In floodplain forests, plant diversity reflects many woody species within multiple strata. Canopy-tree diversity is strongly related to variations in microtopography and flooding regime; thus, woody species richness can be high in the case of periodically-flooded bottomland hardwoods forests or low in the case of more permanent deepwater cypress-tupelo swamps. The ground-layer vegetation has abundant woody vines that reach into the tree canopy, but herbaceous cover may be relatively sparse owing to flooding, scouring, and reduced light levels, except where canopy gaps allow greater light penetration (Conner and Sharitz 2005). Intact forest-floor microtopography is an important attribute, because interactions between elevation and flooding influence tree seedling regeneration and ground-cover species diversity (Huenneke and Sharitz 1986).

Natural Disturbance Regimes

In contrast to some Pacific Northwestern forests that are characterized by infrequent stand-replacing disturbances, many Southern old-growth forests are shaped by frequent, low-intensity disturbances. In longleaf pine systems, frequent natural fires maintain the open canopy, complex tree age structure, and high ground-layer diversity characteristic of old-growth stands. Some of the highest-quality longleaf old-growth is represented by stands under long-term prescribed fire management (Varner and Kush 2004). Floodplain forests experience frequent flooding and windstorm disturbances that alter physical microtopography and contribute to high structural complexity in the form of coarse debris, canopy gaps, and regenerating forest patches of diverse species composition (Conner and Sharitz 2005). Disturbances creating large patches of dead trees, whether from storms, fires, insect outbreaks, or flooding by beaver impoundments, were thought important in generating critical habitat and food supply for Ivory-Billed Woodpeckers (Tanner 1942). Maintaining these natural disturbance regimes is critical for old-growth forest conservation and also provides opportunities for promoting other old-growth characteristics in forest management.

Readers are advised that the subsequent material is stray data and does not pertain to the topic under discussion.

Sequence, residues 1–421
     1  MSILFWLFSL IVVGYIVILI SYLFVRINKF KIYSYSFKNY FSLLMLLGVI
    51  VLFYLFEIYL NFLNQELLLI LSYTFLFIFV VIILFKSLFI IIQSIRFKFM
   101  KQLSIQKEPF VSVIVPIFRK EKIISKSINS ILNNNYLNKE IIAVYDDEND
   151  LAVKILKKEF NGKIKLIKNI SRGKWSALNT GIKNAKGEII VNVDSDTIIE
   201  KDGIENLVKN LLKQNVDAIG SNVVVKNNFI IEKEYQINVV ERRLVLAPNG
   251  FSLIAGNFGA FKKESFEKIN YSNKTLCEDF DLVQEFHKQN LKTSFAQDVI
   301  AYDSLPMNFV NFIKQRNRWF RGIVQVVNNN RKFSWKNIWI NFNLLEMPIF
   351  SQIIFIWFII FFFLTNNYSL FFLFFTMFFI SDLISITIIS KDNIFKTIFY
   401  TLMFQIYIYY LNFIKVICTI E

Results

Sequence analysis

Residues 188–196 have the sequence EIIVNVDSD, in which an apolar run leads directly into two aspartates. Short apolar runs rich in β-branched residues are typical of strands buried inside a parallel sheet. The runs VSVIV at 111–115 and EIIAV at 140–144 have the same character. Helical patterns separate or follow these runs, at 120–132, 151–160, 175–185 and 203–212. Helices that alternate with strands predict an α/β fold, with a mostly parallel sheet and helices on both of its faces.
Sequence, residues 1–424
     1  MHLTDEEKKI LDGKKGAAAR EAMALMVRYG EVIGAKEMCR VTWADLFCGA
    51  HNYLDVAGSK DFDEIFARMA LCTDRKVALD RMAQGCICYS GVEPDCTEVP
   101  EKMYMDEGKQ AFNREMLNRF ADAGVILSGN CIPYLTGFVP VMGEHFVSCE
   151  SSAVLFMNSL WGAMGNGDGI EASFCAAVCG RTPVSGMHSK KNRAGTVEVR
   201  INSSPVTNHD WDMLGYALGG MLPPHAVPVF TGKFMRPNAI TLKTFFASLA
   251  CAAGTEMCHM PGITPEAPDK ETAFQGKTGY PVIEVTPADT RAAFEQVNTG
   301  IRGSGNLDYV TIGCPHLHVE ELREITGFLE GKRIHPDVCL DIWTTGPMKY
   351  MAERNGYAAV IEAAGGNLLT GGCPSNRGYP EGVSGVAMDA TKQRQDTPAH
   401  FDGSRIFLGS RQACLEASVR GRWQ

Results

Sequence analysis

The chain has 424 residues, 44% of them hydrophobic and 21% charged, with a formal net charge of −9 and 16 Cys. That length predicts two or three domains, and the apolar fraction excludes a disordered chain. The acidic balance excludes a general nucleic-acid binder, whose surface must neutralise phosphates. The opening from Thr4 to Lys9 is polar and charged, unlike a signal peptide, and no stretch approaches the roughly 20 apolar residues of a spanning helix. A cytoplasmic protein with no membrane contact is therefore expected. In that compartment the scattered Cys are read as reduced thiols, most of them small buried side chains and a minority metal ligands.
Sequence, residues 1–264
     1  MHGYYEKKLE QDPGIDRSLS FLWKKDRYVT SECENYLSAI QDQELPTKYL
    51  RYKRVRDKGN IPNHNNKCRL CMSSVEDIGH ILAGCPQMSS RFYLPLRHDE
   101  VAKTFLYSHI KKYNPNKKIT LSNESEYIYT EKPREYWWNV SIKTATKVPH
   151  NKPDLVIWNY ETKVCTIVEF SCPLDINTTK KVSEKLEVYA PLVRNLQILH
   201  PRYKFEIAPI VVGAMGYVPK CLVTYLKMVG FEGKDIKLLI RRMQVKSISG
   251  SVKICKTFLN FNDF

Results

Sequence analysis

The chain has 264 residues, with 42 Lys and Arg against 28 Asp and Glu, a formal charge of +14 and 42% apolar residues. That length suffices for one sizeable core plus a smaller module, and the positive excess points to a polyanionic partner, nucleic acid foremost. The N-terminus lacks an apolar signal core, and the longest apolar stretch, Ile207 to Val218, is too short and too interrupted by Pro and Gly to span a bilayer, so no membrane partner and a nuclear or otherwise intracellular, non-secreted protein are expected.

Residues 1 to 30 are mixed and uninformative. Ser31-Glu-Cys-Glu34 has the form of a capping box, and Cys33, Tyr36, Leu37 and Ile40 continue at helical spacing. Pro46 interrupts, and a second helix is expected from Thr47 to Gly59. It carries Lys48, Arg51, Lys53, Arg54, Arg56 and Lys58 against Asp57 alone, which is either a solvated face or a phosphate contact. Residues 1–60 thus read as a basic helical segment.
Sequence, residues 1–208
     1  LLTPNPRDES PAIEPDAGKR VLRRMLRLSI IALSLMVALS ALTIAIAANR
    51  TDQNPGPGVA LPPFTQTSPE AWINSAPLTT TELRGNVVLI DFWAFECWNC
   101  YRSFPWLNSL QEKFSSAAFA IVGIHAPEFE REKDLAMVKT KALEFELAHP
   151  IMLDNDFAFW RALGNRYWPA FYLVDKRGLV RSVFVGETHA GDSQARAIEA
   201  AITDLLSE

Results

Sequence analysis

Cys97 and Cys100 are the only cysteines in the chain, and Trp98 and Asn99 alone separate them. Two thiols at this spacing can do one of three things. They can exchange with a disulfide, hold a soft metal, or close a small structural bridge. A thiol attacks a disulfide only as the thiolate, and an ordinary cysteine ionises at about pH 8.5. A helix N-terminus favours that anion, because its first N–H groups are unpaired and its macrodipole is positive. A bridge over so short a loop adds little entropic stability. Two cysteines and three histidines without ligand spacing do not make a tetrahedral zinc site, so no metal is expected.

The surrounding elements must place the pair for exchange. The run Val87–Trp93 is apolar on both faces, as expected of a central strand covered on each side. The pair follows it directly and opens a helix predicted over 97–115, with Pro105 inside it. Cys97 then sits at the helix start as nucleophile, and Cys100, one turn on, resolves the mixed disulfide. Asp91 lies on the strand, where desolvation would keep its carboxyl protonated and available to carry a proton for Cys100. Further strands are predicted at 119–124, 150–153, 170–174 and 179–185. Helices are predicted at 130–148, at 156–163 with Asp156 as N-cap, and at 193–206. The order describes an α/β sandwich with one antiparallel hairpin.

Intact Ecotones